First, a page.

# Thread: There are always parallels, even without the parallel postulate...right?

1. ## There are always parallels, even without the parallel postulate...right?

A while ago I heard about elliptic geometry, a geometry in which there are no parallels. This is not possible, even without a parallel postulate, right? That is, aren't there always parallels, even in absolute geometry?

This is my reasoning: consider lines AB and q, intersecting at point E, which is between A and B. Then choose point K somewhere else on line r, and construct points L and M, such that L and A are on one side of r, M and B are on the other, and the angle AEK is of the same measure as its alternate interior angle MKE.

If there are no parallels, let lines AB and LM intersect at a point X, forming triangle EKX with the exterior angle at E of the same measure as the remote interior angle at K. This contradicts proposition 16 of book 1 of the Elements (link), which is established without the use of any parallel postulate.

So my question is this: how does this elliptic geometry deal with this contradiction? Does it omit another of the postulates of Euclidean geometry (for a total of two)?

2. Originally Posted by benzi455
A while ago I heard about elliptic geometry, a geometry in which there are no parallels. This is not possible, even without a parallel postulate, right? That is, aren't there always parallels, even in absolute geometry?

This is my reasoning: consider lines AB and q, intersecting at point E, which is between A and B. Then choose point K somewhere else on line r, and construct points L and M, such that L and A are on one side of r, M and B are on the other, and the angle AEK is of the same measure as its alternate interior angle MKE.

If there are no parallels, let lines AB and LM intersect at a point X, forming triangle EKX with the exterior angle at E of the same measure as the remote interior angle at K. This contradicts proposition 16 of book 1 of the Elements (link), which is established without the use of any parallel postulate.

So my question is this: how does this elliptic geometry deal with this contradiction? Does it omit another of the postulates of Euclidean geometry (for a total of two)?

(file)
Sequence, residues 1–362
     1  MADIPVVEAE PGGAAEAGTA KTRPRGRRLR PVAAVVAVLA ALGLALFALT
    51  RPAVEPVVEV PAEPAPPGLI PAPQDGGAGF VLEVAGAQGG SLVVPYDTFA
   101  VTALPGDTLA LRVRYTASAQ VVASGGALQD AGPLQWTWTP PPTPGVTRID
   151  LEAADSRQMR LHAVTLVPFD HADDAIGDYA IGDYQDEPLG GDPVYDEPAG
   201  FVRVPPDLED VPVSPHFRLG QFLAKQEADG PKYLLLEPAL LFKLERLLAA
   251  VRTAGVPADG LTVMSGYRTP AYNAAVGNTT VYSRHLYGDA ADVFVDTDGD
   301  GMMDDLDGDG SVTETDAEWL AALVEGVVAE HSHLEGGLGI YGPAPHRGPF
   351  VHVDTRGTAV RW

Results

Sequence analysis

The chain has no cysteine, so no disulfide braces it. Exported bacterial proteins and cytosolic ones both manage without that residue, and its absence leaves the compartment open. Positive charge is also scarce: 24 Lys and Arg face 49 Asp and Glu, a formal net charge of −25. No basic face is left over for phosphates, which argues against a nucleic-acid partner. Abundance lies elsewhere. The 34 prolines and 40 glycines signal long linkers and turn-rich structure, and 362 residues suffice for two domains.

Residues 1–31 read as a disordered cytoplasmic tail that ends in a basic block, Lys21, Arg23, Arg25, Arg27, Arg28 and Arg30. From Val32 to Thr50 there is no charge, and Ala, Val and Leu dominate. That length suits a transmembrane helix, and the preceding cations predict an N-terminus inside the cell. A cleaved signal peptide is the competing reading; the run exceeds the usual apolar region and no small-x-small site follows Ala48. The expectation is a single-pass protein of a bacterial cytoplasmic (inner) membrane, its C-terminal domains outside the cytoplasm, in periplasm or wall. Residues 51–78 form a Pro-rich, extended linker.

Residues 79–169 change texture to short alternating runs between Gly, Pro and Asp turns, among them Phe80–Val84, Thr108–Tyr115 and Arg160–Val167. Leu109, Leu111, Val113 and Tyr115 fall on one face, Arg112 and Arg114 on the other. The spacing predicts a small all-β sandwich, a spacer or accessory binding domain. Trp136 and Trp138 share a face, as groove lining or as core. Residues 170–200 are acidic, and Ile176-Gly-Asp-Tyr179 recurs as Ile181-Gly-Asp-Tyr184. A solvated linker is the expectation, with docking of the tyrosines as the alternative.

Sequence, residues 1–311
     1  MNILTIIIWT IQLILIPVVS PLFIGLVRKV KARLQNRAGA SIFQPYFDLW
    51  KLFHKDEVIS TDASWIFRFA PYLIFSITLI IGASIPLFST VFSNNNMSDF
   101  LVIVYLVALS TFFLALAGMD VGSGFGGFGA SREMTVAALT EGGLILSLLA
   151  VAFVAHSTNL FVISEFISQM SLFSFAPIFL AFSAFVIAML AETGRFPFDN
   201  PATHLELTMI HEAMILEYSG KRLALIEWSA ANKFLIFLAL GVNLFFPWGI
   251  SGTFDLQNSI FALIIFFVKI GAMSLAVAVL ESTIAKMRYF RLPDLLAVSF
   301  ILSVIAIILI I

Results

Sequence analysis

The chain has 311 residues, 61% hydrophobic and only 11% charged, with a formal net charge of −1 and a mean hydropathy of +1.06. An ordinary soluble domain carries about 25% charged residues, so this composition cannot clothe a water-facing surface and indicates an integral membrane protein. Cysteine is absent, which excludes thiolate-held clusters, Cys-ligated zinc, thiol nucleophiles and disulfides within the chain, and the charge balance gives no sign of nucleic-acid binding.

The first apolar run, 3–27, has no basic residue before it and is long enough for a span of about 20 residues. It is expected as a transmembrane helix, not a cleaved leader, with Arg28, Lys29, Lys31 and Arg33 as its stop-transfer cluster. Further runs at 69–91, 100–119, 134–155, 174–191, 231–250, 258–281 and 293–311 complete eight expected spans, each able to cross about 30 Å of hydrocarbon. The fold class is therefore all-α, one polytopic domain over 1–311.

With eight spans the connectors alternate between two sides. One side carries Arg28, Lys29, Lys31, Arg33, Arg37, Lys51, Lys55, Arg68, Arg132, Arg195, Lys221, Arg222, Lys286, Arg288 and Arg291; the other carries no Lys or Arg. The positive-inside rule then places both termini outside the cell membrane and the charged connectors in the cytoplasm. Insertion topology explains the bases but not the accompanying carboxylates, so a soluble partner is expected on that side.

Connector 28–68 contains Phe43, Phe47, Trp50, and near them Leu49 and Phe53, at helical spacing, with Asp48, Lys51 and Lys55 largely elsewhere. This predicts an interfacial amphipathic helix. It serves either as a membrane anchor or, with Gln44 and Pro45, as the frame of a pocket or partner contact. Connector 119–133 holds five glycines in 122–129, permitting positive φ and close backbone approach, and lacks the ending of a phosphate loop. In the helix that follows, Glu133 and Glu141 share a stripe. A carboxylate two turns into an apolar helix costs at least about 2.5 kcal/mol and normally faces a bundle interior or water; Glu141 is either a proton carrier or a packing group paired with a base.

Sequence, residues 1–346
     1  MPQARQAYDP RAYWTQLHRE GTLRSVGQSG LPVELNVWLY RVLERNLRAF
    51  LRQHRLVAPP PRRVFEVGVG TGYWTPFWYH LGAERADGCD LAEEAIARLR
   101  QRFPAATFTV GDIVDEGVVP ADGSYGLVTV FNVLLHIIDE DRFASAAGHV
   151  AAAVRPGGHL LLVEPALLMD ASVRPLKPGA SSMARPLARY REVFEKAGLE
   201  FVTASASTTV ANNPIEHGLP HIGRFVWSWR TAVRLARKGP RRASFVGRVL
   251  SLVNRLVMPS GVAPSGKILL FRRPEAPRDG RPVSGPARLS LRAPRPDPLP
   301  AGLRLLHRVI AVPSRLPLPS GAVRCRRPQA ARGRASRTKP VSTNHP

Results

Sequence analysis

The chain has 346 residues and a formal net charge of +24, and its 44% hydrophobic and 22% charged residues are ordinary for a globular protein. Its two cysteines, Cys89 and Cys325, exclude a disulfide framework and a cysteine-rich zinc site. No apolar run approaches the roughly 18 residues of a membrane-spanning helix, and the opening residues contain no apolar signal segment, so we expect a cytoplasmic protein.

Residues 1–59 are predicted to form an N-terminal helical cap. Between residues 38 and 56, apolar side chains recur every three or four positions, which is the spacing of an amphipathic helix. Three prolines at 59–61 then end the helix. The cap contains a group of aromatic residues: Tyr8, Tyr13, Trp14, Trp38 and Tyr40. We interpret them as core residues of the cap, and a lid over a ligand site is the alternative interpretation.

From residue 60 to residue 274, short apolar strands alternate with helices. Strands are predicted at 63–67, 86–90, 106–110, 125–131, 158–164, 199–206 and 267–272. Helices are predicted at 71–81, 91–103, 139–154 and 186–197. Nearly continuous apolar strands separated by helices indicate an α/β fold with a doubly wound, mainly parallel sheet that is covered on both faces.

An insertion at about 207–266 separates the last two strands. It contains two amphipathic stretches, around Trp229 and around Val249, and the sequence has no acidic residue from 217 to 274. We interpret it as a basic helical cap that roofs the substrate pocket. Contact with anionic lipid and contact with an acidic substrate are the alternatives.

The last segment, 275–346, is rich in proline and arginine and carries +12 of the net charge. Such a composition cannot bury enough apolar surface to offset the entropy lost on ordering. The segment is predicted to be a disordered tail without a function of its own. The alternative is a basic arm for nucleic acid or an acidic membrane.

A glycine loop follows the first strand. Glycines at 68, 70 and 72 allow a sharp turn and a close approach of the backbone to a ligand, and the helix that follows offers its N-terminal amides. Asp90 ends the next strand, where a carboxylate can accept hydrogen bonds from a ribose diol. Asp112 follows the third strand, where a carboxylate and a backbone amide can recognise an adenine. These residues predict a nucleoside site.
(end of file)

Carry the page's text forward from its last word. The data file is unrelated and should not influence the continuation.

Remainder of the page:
See the second section of this.

The gist of what it says is:

Converse of Euclid's parallel postulate

Euclid did not postulate the converse of his fifth postulate, which is one way to distinguish Euclidean geometry from elliptic geometry. The Elements contains the proof of an equivalent statement: Any two angles of a triangle are together less than two right angles. The proof depends on an earlier proposition: In a triangle ABC, the exterior angle at C is greater than either of the interior angles A or B. This in turn depends on Euclid's unstated assumption that two straight lines meet in only one point, a statement not true of elliptic geometry.

RonL

3. Thanks. I actually noticed that that lines intersect at more than one point in elliptic geometry, but I never thought to put this together with the absence of parallel lines. This was probably because, although there are supposedly only five postulates necessary in Euclidean geometry, SAS triangle congruence (or the idea that all angles and line segments of equal measure are congruent and vice versa) and others are also needed, including the idea that lines may never have at least one point at which they don't intersect, but more than one point at which they do. Thanks for the quick reply!

--Benzi